Curry makes it very clear who is blackballing who. If you don’t toe the global warming line, your career as a climate scientists is squelched.

Share

A developing new astronomical mystery

Radio astronomers in Australia have recently detected a number of new mysterious radio bursts, dubbed fast radio bursts because of their nature, coming from outside our galaxy whose cause presently has no clear explanation.

An unprecedented double burst recently showed up along with four more of these flashes, researchers report online November 25 at arXiv.org.

Fast radio bursts, first detected in 2007, are bright blasts of radio energy that last for just a few milliseconds and are never seen again. Until now, astronomers had cataloged nine bursts that appeared to originate well outside the Milky Way. Yet, follow-up searches with nonradio telescopes for anything that might be pulsing or exploding keep coming up empty.

This mystery is similar to that of gamma ray bursts (GRBs), which were first discovered in the 1960s. About once a day there would be a short burst of gamma ray energy coming from scattered random directions in the sky, but no other radiation in any other wavelength. For decades astronomers didn’t know if the GRBs were coming from just outside our atmosphere or from billions of light years away. Finally, in the 1990s they pinned their location to the deaths of stars in distant other galaxies. As noted by one scientist at a conference, “GRBs signal the daily formation of a new black hole.”

Fast radio bursts are more intriguing. Because of their wavelengths and random locations on the sky, astronomers seem confident that they are occurring outside the Milky Way. However, in the eight years since their discovery only a handful have been detected, making it extremely difficult to study them. Nonetheless, they are significant because they signal some cataclysmic event far away, likely the death of a star in a way not yet understood or predicted. Finding out what that event is will produce important information about the evolution of our universe.

It just might take decades for this new mystery to be solved. Stay tuned!

Share

Iran deal “not legally binding”

More absurdity from the Obama administration: In a letter the State Department wrote to a congressman, they admitted that the Iran treaty was not a “legally binding” document.

“The Joint Comprehensive Plan of Action (JCPOA) is not a treaty or an executive agreement, and is not a signed document,” wrote Julia Frifield, the State Department assistant secretary for legislative affairs, in the November 19 letter.

In other words, the whole kerfuffle about the Iran deal was garbage. There was no deal. All the Obama administration accomplished was to lay out what they’d like Iran to agree to, even as Iran refused to agree to it. Worse, what the Obama administration wished Iran would agree to was still weak and pointless and would allow them to develop nuclear weapons. They rejected that sweet deal (that Congress approved) and instead are proceeding with nuclear weapon development as fast as they can.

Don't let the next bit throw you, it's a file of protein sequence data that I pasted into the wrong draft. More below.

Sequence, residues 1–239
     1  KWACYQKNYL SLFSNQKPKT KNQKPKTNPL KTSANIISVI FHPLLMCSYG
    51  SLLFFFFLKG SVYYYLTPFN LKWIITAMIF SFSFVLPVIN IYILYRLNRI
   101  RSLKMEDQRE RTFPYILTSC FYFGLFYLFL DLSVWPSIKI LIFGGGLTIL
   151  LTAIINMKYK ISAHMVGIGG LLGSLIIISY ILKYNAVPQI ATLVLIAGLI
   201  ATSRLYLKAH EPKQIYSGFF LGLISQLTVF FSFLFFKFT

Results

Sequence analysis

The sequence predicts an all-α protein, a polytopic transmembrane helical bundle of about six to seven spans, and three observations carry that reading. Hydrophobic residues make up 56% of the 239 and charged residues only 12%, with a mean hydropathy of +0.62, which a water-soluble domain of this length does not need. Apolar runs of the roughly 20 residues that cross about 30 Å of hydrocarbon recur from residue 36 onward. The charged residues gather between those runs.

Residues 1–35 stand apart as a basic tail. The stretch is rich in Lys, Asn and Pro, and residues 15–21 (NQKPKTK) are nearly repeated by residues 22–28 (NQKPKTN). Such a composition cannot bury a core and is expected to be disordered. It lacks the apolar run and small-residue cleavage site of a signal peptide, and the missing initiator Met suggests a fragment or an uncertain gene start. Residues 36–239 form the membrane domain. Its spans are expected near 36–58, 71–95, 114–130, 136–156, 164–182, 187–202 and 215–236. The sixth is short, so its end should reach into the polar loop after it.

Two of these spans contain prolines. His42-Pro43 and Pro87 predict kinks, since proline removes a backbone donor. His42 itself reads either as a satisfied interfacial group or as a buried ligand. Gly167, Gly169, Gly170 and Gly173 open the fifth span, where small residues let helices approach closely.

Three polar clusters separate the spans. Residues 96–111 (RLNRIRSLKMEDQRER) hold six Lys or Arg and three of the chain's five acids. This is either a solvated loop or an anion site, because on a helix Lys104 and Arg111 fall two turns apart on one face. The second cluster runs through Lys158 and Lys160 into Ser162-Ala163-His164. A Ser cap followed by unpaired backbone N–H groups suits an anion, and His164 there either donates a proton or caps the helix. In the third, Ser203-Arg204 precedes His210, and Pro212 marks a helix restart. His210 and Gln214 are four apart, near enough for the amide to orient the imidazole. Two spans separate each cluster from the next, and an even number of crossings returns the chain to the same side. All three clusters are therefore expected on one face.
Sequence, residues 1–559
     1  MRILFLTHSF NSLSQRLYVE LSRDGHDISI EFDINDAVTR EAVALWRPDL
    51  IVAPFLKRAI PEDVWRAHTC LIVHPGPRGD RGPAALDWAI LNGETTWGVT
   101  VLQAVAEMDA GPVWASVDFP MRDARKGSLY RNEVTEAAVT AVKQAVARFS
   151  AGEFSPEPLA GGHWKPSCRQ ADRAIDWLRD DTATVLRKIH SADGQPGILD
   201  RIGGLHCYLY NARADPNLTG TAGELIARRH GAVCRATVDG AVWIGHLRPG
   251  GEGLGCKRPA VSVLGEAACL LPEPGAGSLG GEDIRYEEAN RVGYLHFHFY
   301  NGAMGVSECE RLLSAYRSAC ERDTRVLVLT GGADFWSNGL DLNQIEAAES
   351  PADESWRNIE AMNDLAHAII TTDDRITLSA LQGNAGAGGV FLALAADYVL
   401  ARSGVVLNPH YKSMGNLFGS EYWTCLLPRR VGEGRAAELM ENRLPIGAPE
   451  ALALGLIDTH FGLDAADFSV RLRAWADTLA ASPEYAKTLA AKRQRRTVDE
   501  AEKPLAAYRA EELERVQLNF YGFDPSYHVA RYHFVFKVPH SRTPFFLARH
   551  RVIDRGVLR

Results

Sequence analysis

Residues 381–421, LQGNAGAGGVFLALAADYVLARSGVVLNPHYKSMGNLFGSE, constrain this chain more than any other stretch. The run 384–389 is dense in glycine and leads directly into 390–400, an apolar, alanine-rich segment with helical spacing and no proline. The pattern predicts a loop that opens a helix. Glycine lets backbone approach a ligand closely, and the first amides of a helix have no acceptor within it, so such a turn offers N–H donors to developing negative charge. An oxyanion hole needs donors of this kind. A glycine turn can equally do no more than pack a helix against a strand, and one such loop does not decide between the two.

Share

Aerojet Rocketdyne gets Boeing rocket engine contract

The competition heats up: Boeing has awarded Aerojet Rocketdyne a $200 million contract to build the propulsion system for the service module for its manned Starliner capsule.

Unlike the big contract NASA gave Aerojet to restart its shuttle engine production line, this contract is for engines that will actually fly in space and accomplish something.

Share

The launch cost of Japan’s H-IIA rocket

The competition heats up: Yesterday’s launch of Japan’s first commercial payload on its upgraded lower cost H-IIA rocket suggested that they are now a serious player in the competitive launch market. What the earlier articles didn’t tell me was the cost they charge to launch a payload on H-IIA.

This article today states that each launch costs 10 billion yen, which translates to about $80 million. That is about $10 million more than SpaceX charges for its Falcon 9, but is certainly cheaper than many other rocket companies. At this price they have a chance of grabbing some of the launch market, but to really compete they need to cut that cost even more, which the article suggests their next rocket will succeed in doing: “The government is developing a new core rocket named the H3, whose launches are expected to cost only about a half of the H2A.”

They do not say whether H3 will be reusable, but at $40 million per launch it will be the cheapest rocket on Earth. That it is government developed however makes me skeptical they will succeed. We shall see. What is clear, however, is that the competition is certainly encouraging the lowering of cost.

Share

Earth’s magnetic field might not be flipping

The uncertainty of science: A new analysis of the past strength of the Earth’s magnetic field suggests that today’s field is abnormally strong and that, even with the 10% decline in the field’s strength in the past two centuries, it remains stronger than the average over the past 5 million years.

The new data also suggests that the field might not be about to shut down and then reverse polarity, as some scientists have theorized based on the 10% decline. Instead, the data says that the field’s unusual strength today only means that the decline is bringing it back to its average strength, and is not necessarily an indication of a pending reversal.